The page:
Re-discovering True Friendship through Recovery
My name is Jane and this my story, told from the perspective of a friend I recently made after pursuing my own recovery. Sometimes, I can’t believe how far I’ve come. It’s good to have a trusted friend remind me by sharing my experience with others…
Emily Tells Jane’s Story
You know them. The best pals who have long been drinking buddies. So long, in fact, that neither of them recognizes the problem within themselves or their friend.
Instead of a fun treat, happy hour is a daily event, and often starts earlier and earlier. The focus is never on alcohol-free fun or investing in self-care. No. The benchmark of a good time is always booze.
And it seems there is never enough of it to satisfy either of these two.
As the saying goes, when it comes to alcohol addiction, “One drink is too many and a million is never enough.”
It’s a miserable cycle, but, to borrow another expression, “Misery loves company.”
When Company Decides to Part Ways
Of course, the bottom was bound to drop somewhere. In this case, Jane finally had enough. Her drinking was compromising her better judgement and she found herself cycling through the wrong relationships, which damaged her self-esteem. Not surprisingly, this lead to more drinking and poor choices. Her failure to advance at work, due to her constantly foggy haze, turned into a bigger issue the day she showed up for duty – drunk.
Unemployed and alone (except for her drinking buddy, Emily), Jane could no longer deny it: a change was in order. She decided to seek help, even if that meant abandoning her so-called friend.
Real Friendship Found in Recovery
Finding the right treatment plan was Jane’s new priority. What a change, compared to the old target, which was always cocktails. With her new destination now a recovery center and not a bar, this brave friend embarked on her new journey. Dedicated to clearer eyes, Jane began her new chapter with a better awareness.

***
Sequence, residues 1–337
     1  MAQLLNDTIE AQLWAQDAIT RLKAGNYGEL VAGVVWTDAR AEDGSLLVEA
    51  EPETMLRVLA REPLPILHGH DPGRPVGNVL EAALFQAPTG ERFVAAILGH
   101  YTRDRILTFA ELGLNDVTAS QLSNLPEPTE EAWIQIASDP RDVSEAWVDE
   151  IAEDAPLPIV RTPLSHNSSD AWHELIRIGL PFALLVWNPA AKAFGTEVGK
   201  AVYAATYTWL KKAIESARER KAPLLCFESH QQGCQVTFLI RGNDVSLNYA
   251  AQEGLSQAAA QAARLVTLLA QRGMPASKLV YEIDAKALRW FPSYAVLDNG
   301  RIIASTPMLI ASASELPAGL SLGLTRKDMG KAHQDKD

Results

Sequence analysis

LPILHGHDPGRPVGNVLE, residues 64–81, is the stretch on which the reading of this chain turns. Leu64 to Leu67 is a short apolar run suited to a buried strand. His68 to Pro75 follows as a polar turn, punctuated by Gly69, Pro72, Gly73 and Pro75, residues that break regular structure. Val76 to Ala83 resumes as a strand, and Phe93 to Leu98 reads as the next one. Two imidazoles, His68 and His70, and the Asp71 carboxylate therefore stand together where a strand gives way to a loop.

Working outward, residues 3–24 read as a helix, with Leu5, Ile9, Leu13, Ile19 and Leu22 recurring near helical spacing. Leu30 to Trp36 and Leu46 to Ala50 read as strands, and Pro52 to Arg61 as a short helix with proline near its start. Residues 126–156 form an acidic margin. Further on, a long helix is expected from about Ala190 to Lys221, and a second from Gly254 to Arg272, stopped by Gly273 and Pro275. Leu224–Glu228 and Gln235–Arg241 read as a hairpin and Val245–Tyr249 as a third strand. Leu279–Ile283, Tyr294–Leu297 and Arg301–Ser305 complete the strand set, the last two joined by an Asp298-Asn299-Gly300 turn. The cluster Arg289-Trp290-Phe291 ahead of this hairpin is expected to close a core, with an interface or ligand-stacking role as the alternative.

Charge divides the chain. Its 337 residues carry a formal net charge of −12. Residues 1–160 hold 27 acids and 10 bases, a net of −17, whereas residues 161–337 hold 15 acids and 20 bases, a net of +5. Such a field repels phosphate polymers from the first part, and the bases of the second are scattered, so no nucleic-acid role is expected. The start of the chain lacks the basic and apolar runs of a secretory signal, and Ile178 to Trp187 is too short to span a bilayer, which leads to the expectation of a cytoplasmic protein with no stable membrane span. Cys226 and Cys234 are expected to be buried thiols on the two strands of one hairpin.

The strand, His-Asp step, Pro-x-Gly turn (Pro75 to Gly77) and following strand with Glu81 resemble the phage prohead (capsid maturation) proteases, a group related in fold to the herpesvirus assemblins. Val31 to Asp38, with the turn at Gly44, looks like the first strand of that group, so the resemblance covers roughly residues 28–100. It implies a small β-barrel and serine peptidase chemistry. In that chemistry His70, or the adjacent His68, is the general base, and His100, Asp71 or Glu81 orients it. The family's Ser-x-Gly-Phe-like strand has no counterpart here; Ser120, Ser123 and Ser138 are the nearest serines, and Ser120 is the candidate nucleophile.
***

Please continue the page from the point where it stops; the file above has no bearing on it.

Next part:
It takes a brave person to recognize a problem and commit to fixing it. Fortunately, Jane was able to channel the courage needed to walk through the doors of the treatment center, and open up to others who had their own stories to share.
Strength in Numbers
Bolstered by the bravery of those around her, and her own inner strength, Jane battled her demons and won. Supported by the new friends she made on her road to recovery, Jane marched forward and found a new kind of freedom. And the financial rewards followed. With glowing endorsements from her sponsor and new colleagues, Jane was able to secure new employment, that exceeded all prior jobs she had ever held in the past.
Fueled by her newfound sobriety, Jane gifted herself the life – and friendships – she really deserved.
Grateful to her sponsor, her friends, and her resolve to commit to self-care, Jane was able to change her story and recognize the real meaning of friendship.
Are you struggling with a similar situation or find yourself in a complicated friendship? If you’re not sure, check out this High Watch Recovery survey, which shows that problems with alcohol and addiction often start long before we realize it. Take the quiz provided by High Watch Recovery and see whether alcohol consumption proves problematic in your daily life.